In fact, the United States had a satellite nearly ready to launch in the 1950s, but kept it under wraps because of its anticipated use in spying. Explorer I was launched just four months after Sputnik. The downturn of the 1980s, for which schools were often blamed, was followed in the 1990s by the longest period of sustained growth in history, for which schools received little credit.
As for the failure of U.S. students to measure up to their foreign counterparts, this is largely not the case. Rather, as many researchers have shown, the test score gap often results from comparing older or more select students in other countries with a broader range of U.S. students and from confusing test scores with achievement (Bracey, 2005; Mathews, 2008; Rotberg, 2008).
In fact, although poor results on specific tests make headlines, U.S. students compare well with their international peers on many tests, and U.S. workers excel in measures of economic success, such as creativity and innovation. Further, test scores don't correlate with economic success. The countries whose students outscore their U.S. peers do not have stronger economies or more productive citizens. Worker productivity in the United States soared in the 1990s and has remained high.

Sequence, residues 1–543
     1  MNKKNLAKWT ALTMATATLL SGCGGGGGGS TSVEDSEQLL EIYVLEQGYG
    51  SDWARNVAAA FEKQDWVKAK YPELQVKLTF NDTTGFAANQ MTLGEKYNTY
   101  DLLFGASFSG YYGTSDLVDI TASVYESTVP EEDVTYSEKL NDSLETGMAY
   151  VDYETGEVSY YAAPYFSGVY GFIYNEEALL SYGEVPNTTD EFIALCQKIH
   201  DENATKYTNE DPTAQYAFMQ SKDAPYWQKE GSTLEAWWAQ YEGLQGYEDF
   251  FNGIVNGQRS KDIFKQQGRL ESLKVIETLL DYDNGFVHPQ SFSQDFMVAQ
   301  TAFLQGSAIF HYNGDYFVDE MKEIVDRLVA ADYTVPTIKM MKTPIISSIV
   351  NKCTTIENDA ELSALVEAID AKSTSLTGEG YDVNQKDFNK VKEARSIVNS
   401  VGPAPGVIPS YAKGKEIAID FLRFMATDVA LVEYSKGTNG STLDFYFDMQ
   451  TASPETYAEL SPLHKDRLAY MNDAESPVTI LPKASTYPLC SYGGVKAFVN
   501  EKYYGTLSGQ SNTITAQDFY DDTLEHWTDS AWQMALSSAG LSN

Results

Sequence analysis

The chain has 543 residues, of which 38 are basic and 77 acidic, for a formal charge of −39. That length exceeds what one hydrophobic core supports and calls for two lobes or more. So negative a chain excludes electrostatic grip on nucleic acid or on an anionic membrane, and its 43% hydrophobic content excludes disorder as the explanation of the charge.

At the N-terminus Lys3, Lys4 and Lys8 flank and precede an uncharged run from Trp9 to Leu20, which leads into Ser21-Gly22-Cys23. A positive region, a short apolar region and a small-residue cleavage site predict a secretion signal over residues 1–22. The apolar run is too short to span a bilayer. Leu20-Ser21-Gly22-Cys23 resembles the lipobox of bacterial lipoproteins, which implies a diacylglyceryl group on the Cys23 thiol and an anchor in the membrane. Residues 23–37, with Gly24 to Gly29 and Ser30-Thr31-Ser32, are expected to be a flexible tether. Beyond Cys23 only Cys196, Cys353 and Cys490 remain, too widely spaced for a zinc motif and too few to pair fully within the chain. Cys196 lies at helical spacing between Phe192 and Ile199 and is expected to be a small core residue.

Schools make an easy target, but school change moves too slowly to affect short-term economic cycles. It takes at least 12 years for a restructured K–12 curriculum to produce its first newly trained students. So, although an educated workforce is important, schools have little effect on economic cycles. Fortunately, schools have not yet been blamed for the current economic debacle.